Lenders hold loans in their portfolios when they don't bundle them into securities for sale to investors.

Countrywide had $28.3 billion in option ARMs in portfolio at the end of October, according to Inside Mortgage Finance. The only banks with more were Charlotte, North Carolina-based Wachovia Corp., with $117.8 billion, and Seattle-based Washington Mutual Inc., with $57.9 billion, according to the Bethesda, Maryland-based newsletter. ...

Countrywide wrote down the value of $35 million of the loans in the fourth quarter, up from $1 million a year earlier, according to a regulatory filing. The company agreed to be acquired by Charlotte, North Carolina-based Bank of America Corp. after losing as much as 89 percent of its market value.

Wachovia-originated option ARMs were higher quality than other companies' option ARMs, Chief Executive Officer G. Kennedy Thompson said in a Jan. 30 conference call. That's because the bank made sure borrowers could stay current on monthly payments at the reset amount, not just the teaser interest rate, which can be as low as 1 percent, he said.

That was a standard that regulators, including the Fed, recommended in 2006 after the total U.S. foreclosure rate climbed to a five-year high. It has since surged to the loftiest level since at least World War II, according to data compiled by the Washington-based Mortgage Bankers Association.

Tougher lending guidelines have made it more difficult to refinance into new option ARMs.

"The option ARM volume that was done was part of the excess,'' IndyMac Bancorp Inc. CEO Michael Perry said in a telephone interview from his office in Pasadena, California. IndyMac, the second-largest independent U.S. home lender, made $43 billion of the loans from 2005 through the third quarter of 2007.

"Obviously we've been through what we've all been through, there's many things we regret,'' Perry said. IndyMac no longer makes the loans because mortgage-bond buyers aren't interested, he said.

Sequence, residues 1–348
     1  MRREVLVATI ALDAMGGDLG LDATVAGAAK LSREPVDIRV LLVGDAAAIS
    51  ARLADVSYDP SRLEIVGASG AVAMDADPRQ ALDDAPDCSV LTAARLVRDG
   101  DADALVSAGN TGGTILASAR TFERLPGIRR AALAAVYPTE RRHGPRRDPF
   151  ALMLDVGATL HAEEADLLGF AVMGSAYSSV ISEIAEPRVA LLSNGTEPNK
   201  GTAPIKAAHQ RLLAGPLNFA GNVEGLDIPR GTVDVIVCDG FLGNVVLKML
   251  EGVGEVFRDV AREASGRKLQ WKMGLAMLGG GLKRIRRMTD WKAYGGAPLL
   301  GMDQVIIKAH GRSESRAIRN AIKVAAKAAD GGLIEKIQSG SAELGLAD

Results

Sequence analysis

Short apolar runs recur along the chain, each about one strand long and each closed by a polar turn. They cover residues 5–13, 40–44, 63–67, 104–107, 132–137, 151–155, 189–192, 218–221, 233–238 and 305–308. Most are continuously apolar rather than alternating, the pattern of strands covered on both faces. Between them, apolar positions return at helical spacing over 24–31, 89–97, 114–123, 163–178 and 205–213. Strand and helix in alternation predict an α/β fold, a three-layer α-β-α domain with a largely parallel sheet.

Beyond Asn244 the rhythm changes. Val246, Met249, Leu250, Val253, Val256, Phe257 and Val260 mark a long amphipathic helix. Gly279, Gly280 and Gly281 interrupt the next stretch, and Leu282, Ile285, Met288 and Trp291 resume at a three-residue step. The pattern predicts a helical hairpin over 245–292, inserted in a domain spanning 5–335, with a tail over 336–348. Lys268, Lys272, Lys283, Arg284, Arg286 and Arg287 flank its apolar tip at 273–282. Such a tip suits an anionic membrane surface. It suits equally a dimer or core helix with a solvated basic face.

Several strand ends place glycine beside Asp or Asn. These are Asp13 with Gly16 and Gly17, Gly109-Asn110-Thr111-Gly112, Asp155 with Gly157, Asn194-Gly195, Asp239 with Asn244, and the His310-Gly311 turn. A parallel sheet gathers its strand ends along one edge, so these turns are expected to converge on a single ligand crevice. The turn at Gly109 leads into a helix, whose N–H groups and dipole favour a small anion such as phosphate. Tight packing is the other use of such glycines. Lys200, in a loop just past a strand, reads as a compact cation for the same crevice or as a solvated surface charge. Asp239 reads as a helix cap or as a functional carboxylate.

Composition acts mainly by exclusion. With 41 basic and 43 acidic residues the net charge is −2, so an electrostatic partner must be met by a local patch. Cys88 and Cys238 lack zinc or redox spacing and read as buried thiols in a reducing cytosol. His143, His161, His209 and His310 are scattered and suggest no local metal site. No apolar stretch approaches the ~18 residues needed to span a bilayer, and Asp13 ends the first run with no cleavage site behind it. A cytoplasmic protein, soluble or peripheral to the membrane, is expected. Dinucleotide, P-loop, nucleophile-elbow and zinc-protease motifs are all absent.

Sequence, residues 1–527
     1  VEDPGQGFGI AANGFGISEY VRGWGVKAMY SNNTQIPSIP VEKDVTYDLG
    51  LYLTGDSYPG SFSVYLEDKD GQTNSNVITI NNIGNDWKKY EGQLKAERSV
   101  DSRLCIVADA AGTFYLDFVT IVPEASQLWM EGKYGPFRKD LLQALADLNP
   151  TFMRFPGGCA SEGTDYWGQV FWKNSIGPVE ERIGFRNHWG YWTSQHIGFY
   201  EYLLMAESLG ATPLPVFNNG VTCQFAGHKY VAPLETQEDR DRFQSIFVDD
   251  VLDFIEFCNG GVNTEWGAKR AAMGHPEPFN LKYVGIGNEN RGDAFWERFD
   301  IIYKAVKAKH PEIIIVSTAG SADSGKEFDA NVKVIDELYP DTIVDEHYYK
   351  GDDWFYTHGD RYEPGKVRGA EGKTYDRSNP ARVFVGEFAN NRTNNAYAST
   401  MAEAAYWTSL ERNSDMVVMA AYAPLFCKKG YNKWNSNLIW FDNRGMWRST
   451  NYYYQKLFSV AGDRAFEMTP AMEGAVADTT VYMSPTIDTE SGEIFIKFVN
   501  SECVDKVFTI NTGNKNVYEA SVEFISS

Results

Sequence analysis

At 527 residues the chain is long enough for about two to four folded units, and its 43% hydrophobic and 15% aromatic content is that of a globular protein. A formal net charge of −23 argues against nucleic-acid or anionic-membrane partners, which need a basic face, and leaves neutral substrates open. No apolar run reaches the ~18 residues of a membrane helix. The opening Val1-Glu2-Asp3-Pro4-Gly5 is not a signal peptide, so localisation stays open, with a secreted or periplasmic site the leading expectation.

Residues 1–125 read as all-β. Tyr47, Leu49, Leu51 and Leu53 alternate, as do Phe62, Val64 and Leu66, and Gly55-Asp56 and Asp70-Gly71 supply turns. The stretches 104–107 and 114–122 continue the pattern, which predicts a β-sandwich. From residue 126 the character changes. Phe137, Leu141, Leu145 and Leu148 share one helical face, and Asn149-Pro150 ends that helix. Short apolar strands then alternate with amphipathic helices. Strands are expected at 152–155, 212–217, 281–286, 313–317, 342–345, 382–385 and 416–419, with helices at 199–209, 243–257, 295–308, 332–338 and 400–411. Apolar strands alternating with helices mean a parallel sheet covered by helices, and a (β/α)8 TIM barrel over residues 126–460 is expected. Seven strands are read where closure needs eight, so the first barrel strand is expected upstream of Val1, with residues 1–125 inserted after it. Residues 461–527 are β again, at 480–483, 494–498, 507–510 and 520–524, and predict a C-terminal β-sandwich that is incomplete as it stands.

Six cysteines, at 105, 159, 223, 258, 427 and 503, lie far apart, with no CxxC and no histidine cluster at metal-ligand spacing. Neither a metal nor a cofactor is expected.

Washington Mutual also is no longer offering option ARMs to borrowers who put down little or no money or home equity as a deposit, CEO Kerry Killinger said on a conference call last week. ... The company's unpaid principal balance of option ARMs exceeded their original principal amount by $1.73 billion at the end of 2007, almost double the $888 million of a year earlier, Washington Mutual reported on Jan. 17.

Regional banks are feeling the effects of option ARM delinquencies, said Andrew Laperriere, managing director of New York-based research firm International Strategy & Investment Group.

FirstFed Financial Corp., the Santa Monica, California-based savings and loan whose net income slumped 75 percent last quarter, blamed option ARMs hitting their negative-amortization caps for higher delinquencies. More than 1,800 of its borrowers hit the limits, and 2,400 more may this year, the company said Jan. 25.

Laperriere estimates that 85 percent of option ARM borrowers owe more than their original loan balance.

"The problem is, you can refinance an option ARM to a 30- year conventional loan at a 5.5 percent interest rate, and you're still looking at your payment going up 150 percent,'' Laperriere said. ``That's pretty ugly.''

About $460 billion of adjustable-rate mortgages are scheduled to reset this year, with the next spike in resets coming in 2011, when $420 billion in mortgages will adjust to new interest rates for the first time, according to New York-based analysts at Citigroup Inc.

That's the year that Joe Ripplinger's payment will jump, provided he doesn't reach his negative amortization cap before then. "It's the worst thing we could have done,'' he said.

From The New York Times:

From Japan’s Slump in 1990s, Lessons for U.S.

In broad strokes, the parallels are alarming. After a long boom, the Japanese economy in the 1990s, as America’s today, was jolted by a sharp plunge in the real estate market.